It is reasonably clear from the valuation analysis that given current cash flows, Apache is trading at a low valuation. A look at traditional metrics such as enterprise value (EV) to EBITDA shows that Apache also trades at a discount to its peers. For example, while Apache trades at 3.7 times EV / EBITDA, two companies with similar resource exposures, Anadarko Petroleum (APC) and EOG Resources (EOG), trade at 7.5 times and 8.3 times respectively. A selection of 13 E&P companies, including the two mentioned above, but excluding Apache, trade at a 6.2 times mean EV / EBITDA multiple.
There are a couple of factors which are likely impacting value having to do with Egypt. The political instability there puts 15% of the company’s PV-10 at risk in the event of a seizure of the assets. However, the true value of the Egyptian operations to the company likely exceeds this amount because production from the country is quite high compared to reserves. A full seizure of assets seems quite unlikely as that would significantly impact foreign investment into all sectors of Egypt’s economy and would more than likely cut off promised direct aid. The troubles in Egypt could just as well turn into an opportunity as the country tries to increase exports to raise money; therefore, there is a trade-off to the situation there as well.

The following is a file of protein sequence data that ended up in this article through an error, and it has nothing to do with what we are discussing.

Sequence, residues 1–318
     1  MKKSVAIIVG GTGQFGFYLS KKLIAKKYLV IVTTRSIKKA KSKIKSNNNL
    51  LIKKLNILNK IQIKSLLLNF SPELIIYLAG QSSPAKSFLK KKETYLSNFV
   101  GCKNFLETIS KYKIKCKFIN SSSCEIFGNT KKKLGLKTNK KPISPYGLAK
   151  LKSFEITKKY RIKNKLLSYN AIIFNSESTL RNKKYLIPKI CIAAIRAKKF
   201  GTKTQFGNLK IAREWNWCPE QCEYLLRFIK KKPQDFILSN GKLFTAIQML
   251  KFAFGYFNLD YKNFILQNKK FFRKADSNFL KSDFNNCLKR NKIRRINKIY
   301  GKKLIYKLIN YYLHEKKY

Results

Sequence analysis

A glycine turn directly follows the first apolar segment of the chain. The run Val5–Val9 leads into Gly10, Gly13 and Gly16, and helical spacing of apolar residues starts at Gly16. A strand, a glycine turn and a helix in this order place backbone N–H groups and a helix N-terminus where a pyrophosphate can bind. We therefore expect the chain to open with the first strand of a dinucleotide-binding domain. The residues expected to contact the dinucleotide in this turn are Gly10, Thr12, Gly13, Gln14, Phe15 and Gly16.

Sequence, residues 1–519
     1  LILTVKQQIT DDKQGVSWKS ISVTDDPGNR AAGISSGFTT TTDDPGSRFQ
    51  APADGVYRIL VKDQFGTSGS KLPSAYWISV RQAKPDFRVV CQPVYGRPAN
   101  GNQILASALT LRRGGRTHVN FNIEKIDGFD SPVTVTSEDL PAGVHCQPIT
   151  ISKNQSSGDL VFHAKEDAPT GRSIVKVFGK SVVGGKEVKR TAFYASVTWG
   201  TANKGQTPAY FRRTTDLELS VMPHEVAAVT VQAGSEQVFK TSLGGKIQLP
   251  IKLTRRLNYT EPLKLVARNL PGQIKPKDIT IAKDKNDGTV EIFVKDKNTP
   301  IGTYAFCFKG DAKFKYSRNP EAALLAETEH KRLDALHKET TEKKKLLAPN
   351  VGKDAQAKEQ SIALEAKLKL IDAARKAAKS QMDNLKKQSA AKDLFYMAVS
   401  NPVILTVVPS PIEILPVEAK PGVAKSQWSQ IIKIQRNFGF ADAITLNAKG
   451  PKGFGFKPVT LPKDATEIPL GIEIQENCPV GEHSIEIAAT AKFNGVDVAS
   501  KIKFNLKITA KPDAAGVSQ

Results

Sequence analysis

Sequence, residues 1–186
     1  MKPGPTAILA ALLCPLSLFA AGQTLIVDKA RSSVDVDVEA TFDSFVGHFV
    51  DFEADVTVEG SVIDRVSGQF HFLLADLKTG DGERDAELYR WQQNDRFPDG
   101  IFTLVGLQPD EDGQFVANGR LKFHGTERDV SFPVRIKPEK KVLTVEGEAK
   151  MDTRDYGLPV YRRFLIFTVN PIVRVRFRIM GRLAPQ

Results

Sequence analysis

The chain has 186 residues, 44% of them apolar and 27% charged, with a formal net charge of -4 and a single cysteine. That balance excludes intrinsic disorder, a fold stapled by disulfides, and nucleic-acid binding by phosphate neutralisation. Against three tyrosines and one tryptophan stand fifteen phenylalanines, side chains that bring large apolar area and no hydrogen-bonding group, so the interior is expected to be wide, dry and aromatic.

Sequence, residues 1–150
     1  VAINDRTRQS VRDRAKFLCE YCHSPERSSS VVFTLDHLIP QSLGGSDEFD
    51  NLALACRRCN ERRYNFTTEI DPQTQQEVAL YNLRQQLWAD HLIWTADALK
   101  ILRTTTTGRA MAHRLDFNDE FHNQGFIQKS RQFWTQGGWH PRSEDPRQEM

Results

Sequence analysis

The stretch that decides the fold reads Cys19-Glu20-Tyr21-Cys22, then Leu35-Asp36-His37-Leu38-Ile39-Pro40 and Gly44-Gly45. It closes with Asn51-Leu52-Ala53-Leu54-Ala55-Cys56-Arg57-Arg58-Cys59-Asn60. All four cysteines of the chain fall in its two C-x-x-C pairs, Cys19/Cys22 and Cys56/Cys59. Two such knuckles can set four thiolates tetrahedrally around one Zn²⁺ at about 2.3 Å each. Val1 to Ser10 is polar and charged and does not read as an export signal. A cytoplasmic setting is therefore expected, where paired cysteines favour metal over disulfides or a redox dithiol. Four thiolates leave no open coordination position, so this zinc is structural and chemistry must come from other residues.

This brings up a second problem, which is the low level of proved reserves in the country, relative to production. In my view, this could reflect the company’s unwillingness to explore and develop significant acreage above what is needed to ensure production, in order to reduce the amount of capital invested in the country and subject to risk. Even if the company wanted to do so, Egypt itself may not want to concede resources until they are needed. It is worth noting that this state of affairs has persisted for some time and yet production has doubled since 2005 in the country. However, monitoring Egypt should be one of the primary concerns for an investor in Apache.
Balancing the above factors as well as other aspects of the company's operations, Apache’s equity is attractively priced, in my view. Some protection from a potential fall in crude oil prices is available from a successful resolution of the situation in Egypt. In the case of a partial loss of Egyptian production economics to Apache through, for example increased taxes, the stock will be very reliant on healthy oil prices.